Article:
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Numeric representation

Numeric representation

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Numeric representation

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  1. Numeric representation • Floating point: exponent+mantissa • Floating = data dependent • Larger dynamic range (largest/smallest) • More expensive • Fixed point: n-bits • Scaling factor = position binary point • Fixed = defined in the program

  2. Numeric representation

  3. Numeric representation • One’s complement • Negative num = bit_inverse(positive num) • Two’s complement • Negative num = bit_inverse(positive num) + 1 • Conversion to more bits via sign extension • E.g. 6 = 011 = 0011 = 00011 … • E.g. –6 = 101 = 1101 = 11101 … • Temporary overflow 1 0 1 1 1 -24 23 22 21 20

  4. Temporary overflow

  5. Integer, fractional and scaling Integer Fractional 1 0 1 1 1 1 0 1 1 1 Binary point -20 2-1 2-2 2-3 -24 23 22 21 20 2-4 -2(n-1)  x  2(n-1) -1 range -1 x  1-2-(n-1) Scaling is chosing dependent on the signal range

  6. Numeric representation: scaling • integer and fractional numbers are a special case of fixed point • fix <p,q> (ART designer & SystemC) p q 1 0 1 -19/8 = -2.375 1 1 1 fix <8,3> 1 0 -24 23 22 2-2 21 20 2-1 2-3 Scale factor 1/8 negative weight 2’s complement quantization error Same alu handles fix <8,1>, fix <8,2>, fix <8,3>, ... if q=0 then integer e.g. int <8,0> if q=p-1 then fractional e.g. int <8,7>

  7. Fixed point: addition -19/8 Int <8,3> 1 1 1 0 1 1 1 0 Int <8,4> 97/16 1 0 1 0 0 1 0 0 59/16 0 0 1 1 1 0 1 0 1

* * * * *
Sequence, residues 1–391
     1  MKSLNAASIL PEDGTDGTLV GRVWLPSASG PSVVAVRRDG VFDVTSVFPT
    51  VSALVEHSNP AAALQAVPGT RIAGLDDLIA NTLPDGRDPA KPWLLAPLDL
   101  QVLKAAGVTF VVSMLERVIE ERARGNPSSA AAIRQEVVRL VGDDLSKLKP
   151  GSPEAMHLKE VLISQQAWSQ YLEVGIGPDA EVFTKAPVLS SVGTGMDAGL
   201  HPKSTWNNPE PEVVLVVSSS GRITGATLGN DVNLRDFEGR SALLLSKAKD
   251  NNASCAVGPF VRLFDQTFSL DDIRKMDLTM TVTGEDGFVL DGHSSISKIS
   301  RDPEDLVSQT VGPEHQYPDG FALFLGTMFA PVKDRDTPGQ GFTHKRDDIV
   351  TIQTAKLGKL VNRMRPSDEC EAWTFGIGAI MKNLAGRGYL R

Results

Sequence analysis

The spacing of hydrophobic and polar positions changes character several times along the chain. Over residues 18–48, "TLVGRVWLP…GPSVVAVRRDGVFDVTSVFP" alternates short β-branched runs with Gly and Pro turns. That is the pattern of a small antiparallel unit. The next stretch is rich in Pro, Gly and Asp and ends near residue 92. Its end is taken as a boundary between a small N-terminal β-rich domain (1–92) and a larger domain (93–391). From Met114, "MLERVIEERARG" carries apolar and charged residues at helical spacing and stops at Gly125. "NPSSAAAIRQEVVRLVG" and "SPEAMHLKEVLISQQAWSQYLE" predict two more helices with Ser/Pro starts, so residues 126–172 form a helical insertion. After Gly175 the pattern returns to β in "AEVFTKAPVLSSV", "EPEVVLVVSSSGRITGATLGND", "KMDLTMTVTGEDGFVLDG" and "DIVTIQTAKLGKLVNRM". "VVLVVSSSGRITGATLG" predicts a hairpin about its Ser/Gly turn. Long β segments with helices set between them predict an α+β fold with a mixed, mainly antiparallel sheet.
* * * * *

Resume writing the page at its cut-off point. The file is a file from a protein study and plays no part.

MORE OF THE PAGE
8. Fixed point: multiplication -19/8 1 1 1 0 1 1 Int <8,3> 1 0 Int <8,4> 97/16 1 0 1 0 0 1 0 0 -1843/128 1 1 1 0 1 1 1 0 0 0 1 1 1 0 1 0

  9. Arithmetic Building Blocks

  10. A Generic Digital Processor

  11. Building Blocks for Digital Architectures Arithmetic unit Bit-sliced datapath adder - ( , multiplier, shifter, comparator, etc.) Memory - RAM, ROM, Buffers, Shift registers Control - Finite state machine (PLA, random logic.) - Counters Interconnect - Switches - Arbiters - Bus

  12. Bit-Sliced Design

  13. Full-Adder

  14. The Binary Adder

  15. Express Sum and Carry as a function of P, G, D

  16. The Ripple-Carry Adder

  17. Complimentary Static CMOS Full Adder

  18. Inversion Property

  19. Minimize Critical Path by Reducing Inverting Stages

  20. The better structure: the Mirror Adder

  21. The Mirror Adder • The NMOS and PMOS chains are completely symmetrical. This guarantees identical rising and falling transitions if the NMOS and PMOS devices are properly sized. A maximum of two series transistors can be observed in the carry-generation circuitry. • When laying out the cell, the most critical issue is the minimization of the capacitance at node Co. The reduction of the diffusion capacitances is particularly important. • The capacitance at node Co is composed of four diffusion capacitances, two internal gate capacitances, and six gate capacitances in the connecting adder cell . • The transistors connected to Ci are placed closest to the output. • Only the transistors in the carry stage have to be optimized for optimal speed. All transistors in the sum stage can be minimal size.

  22. Quasi-Clocked Adder

  23. NMOS-Only Pass Transistor Logic

  24. NP-CMOS Adder

  25. NP-CMOS Adder C o1 S 1 A 1 B 1 S 0 A 0 B 0 C i0

  26. Manchester Carry Chain

  27. Sizing Manchester Carry Chain

  28. Carry-Bypass Adder

  29. Manchester-Carry Implementation

  30. Carry-Bypass Adder (cont.)

  31. Carry Ripple versus Carry Bypass

  32. Carry-Select Adder

  33. Carry Select Adder: Critical Path

  34. Linear Carry Select

  35. Square Root Carry Select

  36. Adder Delays - Comparison

  37. LookAhead - Basic Idea

  38. Look-Ahead: Topology

  39. Logarithmic Look-Ahead Adder

  40. Brent-Kung Adder

  41. The Binary Multiplication

  42. The Binary Multiplication

  43. The Array Multiplier

  44. The MxN Array Multiplier— Critical Path Critical Path 1 & 2

  45. Carry-Save Multiplier

  46. Adder Cells in Array Multiplier

  47. Multiplier Floorplan

  48. Wallace-Tree Multiplier

  49. Multipliers —Summary

  50. The Binary Shifter